With a sense of both exhilaration and trepidation I walked around to the front of the house and began to take photographs. Unnervingly the hanging wooden shutters would occasionally slam shut in the wind. At one point, I climbed an old iron spiral staircase to look into one of the windows, half expecting to find some awful spectre staring back at me, but it seemed deserted. By now it was slowly beginning to get dark so, happy with the pictures that I had taken, I returned to my car.

As I went back down the driveway I was thinking about writing to the county library in the hope of learning more about the house when I noticed a small boy, about ten years old, standing near the gates on the opposite side of the road. I smiled at him but he didn't smile back. He appeared to be very sad, with a faraway expression on his face. He was dressed like a gypsy and as I turned the car to drive away I felt that something was wrong. I had driven some thirty yards down the road when I looked in my rear-view mirror: he had gone.

I returned but couldn't find him anywhere; he seemed to have vanished into thin air. At first I felt very confused. His clothes had seemed as if they were from another age – perhaps I had seen a ghost? I sat motionless in the car as the idea slowly sank in. Later I felt a strange relief, although still somewhat disturbed by the expression on the boy's face, and I thought how ironic it would be if I should have encountered a spirit there. rather than the terrifying apparitions that I had imagined haunted the castle.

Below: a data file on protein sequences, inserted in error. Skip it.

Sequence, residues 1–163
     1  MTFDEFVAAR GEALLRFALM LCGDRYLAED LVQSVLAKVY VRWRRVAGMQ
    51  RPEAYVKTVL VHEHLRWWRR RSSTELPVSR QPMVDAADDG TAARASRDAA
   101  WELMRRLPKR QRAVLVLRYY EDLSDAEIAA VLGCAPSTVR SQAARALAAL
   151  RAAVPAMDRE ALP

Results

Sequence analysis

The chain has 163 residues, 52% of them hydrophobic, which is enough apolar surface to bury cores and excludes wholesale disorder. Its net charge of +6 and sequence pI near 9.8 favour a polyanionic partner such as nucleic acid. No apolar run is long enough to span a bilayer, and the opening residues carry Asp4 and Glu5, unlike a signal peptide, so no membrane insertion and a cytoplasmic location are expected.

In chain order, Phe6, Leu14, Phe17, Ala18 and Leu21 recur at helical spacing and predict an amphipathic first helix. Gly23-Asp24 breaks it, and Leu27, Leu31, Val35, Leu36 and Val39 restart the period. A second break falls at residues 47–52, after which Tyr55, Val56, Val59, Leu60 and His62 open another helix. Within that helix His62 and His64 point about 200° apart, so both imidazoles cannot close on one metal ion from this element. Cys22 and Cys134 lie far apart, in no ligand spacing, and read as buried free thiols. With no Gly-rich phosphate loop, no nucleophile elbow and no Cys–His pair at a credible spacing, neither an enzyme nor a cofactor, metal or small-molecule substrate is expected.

Later that month I received a letter from the library. They too had very little information on the house except that it had been built by a David Lyon, MP, in 1865 and was described as an elegant castellated mansion, in somewhat bleak surroundings. It had then changed hands several times before the end of the nineteenth century. It seemed that nobody wished to stay there for long. Subsequently it was acquired by a Lady Lyell and even then it was only used in the shooting season, until it was finally abandoned in the 1960s. They did not know who the present owner was.

Monday, 4 April 2016

The Lost Boating Pond

What most people do not realise is that Balintore Castle had its own boating pond. In fact despite owning the castle for a number of years, I have only recently myself made the discovery.